|Publication number||US6409545 B1|
|Application number||US 09/684,654|
|Publication date||Jun 25, 2002|
|Filing date||Oct 10, 2000|
|Priority date||Apr 9, 1998|
|Also published as||DE19816215C1, EP1070330A1, EP1070330B1, WO1999053509A1|
|Publication number||09684654, 684654, US 6409545 B1, US 6409545B1, US-B1-6409545, US6409545 B1, US6409545B1|
|Inventors||Harald Vetter, Ludwig Berg|
|Original Assignee||Siemens Matsushita Components Gmbh & Co. Kg|
|Export Citation||BiBTeX, EndNote, RefMan|
|Patent Citations (6), Referenced by (7), Classifications (8), Legal Events (4)|
|External Links: USPTO, USPTO Assignment, Espacenet|
This application is a continuation of copending international application PCT/DE99/01017, filed Apr. 1, 1999 which designated the United States.
1. Field of the Invention
The present invention relates to the field of capacitor banks and more particularly to an arrangement and method for connecting capacitor components to the capacitor bank boards. The connection is effected such that the capacitor components are securely held in place in an secure and modular manner while electrical connection between the components and board is maintained.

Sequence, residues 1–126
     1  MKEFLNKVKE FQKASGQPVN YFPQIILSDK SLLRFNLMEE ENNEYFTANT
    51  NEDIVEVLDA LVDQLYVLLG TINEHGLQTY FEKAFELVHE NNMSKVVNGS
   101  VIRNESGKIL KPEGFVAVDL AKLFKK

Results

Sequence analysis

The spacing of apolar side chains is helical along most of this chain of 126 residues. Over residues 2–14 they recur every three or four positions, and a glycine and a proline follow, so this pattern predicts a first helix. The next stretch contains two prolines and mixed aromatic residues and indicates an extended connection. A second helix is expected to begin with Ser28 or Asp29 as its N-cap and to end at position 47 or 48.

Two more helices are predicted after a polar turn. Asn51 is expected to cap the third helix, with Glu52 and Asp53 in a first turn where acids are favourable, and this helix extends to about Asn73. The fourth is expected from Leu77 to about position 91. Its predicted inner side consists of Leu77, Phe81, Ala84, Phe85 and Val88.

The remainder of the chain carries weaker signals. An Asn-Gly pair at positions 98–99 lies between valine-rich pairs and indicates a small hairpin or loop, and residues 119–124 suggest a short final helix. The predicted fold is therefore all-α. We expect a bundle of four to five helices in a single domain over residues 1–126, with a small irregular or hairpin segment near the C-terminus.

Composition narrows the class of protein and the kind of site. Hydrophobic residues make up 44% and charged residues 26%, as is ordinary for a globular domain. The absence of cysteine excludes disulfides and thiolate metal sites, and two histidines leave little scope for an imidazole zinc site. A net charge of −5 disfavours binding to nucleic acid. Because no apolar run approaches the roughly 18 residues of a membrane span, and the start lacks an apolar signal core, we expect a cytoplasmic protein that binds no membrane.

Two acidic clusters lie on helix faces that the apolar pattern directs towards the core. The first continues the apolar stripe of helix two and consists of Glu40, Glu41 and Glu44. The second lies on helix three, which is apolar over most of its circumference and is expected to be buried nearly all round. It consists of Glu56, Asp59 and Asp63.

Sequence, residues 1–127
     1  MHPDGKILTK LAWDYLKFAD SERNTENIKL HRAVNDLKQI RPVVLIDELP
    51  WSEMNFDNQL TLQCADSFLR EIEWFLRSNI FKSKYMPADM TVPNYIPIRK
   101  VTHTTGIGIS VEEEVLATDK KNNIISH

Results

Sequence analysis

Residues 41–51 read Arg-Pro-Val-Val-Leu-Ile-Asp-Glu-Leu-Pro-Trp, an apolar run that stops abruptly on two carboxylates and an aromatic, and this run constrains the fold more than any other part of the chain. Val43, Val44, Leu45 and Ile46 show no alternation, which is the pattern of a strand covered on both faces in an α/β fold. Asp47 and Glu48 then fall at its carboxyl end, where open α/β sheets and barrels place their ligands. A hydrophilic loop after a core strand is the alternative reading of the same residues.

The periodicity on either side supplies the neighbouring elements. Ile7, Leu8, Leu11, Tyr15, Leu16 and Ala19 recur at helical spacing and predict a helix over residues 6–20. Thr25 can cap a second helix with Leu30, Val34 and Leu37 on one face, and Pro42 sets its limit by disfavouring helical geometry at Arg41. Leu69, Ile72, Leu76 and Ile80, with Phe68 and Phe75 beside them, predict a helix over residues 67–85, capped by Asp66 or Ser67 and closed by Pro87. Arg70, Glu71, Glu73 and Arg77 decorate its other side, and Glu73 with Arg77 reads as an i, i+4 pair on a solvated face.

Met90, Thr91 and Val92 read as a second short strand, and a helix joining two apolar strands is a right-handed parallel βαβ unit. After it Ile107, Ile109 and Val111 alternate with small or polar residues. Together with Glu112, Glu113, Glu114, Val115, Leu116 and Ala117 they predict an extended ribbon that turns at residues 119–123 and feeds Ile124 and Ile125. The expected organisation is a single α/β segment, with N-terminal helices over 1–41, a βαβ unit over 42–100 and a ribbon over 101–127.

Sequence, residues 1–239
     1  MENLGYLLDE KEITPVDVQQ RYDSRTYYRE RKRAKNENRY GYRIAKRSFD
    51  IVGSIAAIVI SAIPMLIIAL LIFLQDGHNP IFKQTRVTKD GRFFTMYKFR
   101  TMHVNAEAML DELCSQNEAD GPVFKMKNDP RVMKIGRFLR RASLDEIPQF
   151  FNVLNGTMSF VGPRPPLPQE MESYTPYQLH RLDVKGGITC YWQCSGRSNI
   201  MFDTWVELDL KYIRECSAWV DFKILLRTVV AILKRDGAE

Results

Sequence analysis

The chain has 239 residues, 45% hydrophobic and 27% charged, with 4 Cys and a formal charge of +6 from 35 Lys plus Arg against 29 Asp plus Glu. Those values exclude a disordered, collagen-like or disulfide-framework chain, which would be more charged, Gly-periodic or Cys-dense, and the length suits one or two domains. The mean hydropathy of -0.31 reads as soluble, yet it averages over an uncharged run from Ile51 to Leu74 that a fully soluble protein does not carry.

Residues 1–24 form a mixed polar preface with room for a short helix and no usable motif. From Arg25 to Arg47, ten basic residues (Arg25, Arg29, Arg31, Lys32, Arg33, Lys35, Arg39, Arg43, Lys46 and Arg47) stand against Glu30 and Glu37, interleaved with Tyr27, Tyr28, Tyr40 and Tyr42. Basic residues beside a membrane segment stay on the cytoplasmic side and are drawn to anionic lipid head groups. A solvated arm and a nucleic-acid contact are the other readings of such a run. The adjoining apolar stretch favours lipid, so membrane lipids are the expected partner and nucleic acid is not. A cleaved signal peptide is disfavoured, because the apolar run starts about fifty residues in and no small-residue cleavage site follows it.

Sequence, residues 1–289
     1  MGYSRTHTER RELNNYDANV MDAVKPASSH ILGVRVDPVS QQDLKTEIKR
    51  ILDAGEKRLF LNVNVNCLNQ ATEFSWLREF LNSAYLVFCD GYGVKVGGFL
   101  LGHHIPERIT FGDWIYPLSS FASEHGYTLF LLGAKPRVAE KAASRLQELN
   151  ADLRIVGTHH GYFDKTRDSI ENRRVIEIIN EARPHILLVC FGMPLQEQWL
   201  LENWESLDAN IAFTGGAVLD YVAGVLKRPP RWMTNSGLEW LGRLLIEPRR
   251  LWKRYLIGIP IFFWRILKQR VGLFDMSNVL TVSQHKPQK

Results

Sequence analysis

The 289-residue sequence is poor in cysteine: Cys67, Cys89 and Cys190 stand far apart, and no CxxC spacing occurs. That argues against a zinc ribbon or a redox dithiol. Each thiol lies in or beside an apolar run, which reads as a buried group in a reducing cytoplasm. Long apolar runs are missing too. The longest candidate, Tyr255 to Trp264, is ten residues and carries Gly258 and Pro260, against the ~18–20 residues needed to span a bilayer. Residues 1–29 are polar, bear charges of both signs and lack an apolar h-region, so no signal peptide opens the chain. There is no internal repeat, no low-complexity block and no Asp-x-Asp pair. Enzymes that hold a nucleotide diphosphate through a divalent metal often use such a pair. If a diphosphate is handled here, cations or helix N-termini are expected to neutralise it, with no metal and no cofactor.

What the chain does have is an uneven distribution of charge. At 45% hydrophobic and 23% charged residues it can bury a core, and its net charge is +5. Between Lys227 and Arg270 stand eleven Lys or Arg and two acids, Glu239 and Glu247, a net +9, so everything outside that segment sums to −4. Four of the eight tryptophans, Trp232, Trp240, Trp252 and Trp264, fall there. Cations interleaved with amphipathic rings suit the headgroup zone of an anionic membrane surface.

2. Description of Related Art
Condenser banks and capacitors therefor are well known in the art as exemplified by European patent EP 0 450 122 B1. Herein, the capacitors are affixed to a printed circuit board via connecting bolts and nuts and/or solder. The development of these power condensers is directed towards improved inverters and semiconductor valves. Additional applications for power condensers is with IGBT (insulated gate bipolar transistor) semiconductors. The capacity of the capacitor banks ranges from about 100 kilowatts to upwards of 6 megawatts. An additional application for the banks is with rectifiers wherein some success has been achieved through reduction of capacitor component size and lowering of parasitic inductance therebetween. However, the related art applications do not have the modular compactness sometimes desired in the industry, nor the possibility of plugging modular capacitor components onto the capacitor bank boards where such elements are securely held in place and power flows via the connection between component and board. Such possibility simplifies the connection, as no solder and/or nuts and bolts are necessary, thereby reducing engineering and manufacturing costs while increasing design possibilities.